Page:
Author(s): Palumbi SR, Baker CS
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Abstract Powerful analyses of population structure require information from multiple genetic loci. To help develop a molecular toolbox for obtaining this information, we have designed universal oligonucleotide primers that span conserved intron-exon junctions in a wide variety of animal phyla. We test the utility of exon-primed, intron-crossing amplifications by analyzing the variability of actin intron sequences from humpback, blue, and bowhead whales and comparing the results with mitochondrial DNA (mtDNA) haplotype data. Humpback actin introns fall into two major clades that exist in different frequencies in different oceanic populations. It is surprising that Hawaii and California populations, which are very distinct in mtDNAs, are similar in actin intron alleles. This discrepancy between mtDNA and nuclear DNA results may be due either to differences in genetic drift in mitochondrial and nuclear genes or to preferential movement of males, which do not transmit mtDNA to offspring, between separate breeding grounds. Opposing mtDNA and nuclear DNA results can help clarify otherwise hidden patterns of structure in natural populations.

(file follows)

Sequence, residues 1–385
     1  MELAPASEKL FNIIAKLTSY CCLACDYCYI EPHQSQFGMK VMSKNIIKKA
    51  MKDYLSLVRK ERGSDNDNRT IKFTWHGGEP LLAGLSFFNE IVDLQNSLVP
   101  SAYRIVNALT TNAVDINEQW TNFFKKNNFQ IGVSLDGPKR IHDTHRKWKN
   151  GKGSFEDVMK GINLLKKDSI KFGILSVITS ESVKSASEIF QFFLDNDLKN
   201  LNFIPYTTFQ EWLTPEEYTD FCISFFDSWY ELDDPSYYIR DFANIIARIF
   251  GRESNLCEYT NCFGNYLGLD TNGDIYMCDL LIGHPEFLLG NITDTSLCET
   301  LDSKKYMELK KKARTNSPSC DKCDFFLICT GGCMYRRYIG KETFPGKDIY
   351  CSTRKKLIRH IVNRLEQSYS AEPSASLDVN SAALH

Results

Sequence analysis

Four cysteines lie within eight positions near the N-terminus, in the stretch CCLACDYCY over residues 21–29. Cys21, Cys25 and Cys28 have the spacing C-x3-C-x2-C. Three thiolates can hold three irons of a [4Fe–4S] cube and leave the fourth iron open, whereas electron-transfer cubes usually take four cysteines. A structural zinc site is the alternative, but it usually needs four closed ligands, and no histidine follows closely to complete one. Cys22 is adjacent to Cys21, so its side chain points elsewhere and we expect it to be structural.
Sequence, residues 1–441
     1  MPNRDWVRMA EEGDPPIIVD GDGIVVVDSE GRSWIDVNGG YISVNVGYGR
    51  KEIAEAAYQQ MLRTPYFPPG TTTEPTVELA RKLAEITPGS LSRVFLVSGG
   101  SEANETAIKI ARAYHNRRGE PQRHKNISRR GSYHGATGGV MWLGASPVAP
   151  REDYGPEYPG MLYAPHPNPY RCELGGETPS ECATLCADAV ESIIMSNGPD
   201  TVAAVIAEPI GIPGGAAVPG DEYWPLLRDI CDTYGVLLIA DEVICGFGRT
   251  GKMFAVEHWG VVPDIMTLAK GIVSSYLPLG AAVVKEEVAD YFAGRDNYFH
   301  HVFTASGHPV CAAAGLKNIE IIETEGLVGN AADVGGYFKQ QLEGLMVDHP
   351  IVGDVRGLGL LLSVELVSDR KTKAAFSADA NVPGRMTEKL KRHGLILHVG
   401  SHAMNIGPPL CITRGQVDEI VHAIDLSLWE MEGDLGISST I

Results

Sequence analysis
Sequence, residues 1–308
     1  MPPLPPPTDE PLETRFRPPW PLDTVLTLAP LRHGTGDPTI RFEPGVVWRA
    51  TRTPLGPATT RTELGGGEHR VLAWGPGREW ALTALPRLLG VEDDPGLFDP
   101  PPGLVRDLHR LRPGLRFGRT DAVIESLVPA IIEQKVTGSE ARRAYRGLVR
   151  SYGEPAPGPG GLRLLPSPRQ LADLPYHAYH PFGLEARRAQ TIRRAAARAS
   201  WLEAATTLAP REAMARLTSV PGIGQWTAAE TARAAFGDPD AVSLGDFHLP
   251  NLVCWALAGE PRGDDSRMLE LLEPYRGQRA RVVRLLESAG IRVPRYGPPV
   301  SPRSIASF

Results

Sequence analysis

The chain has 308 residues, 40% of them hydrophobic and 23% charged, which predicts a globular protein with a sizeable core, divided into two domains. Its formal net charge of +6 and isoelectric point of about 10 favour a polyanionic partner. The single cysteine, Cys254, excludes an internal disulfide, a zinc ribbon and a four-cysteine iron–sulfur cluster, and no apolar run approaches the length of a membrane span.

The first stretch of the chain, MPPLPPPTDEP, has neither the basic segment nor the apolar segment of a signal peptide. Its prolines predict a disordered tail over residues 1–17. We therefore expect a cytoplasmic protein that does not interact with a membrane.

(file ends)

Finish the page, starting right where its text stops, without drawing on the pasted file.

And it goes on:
This article was published in Mol Biol Evol
and referenced in Journal of Marine Science: Research & Development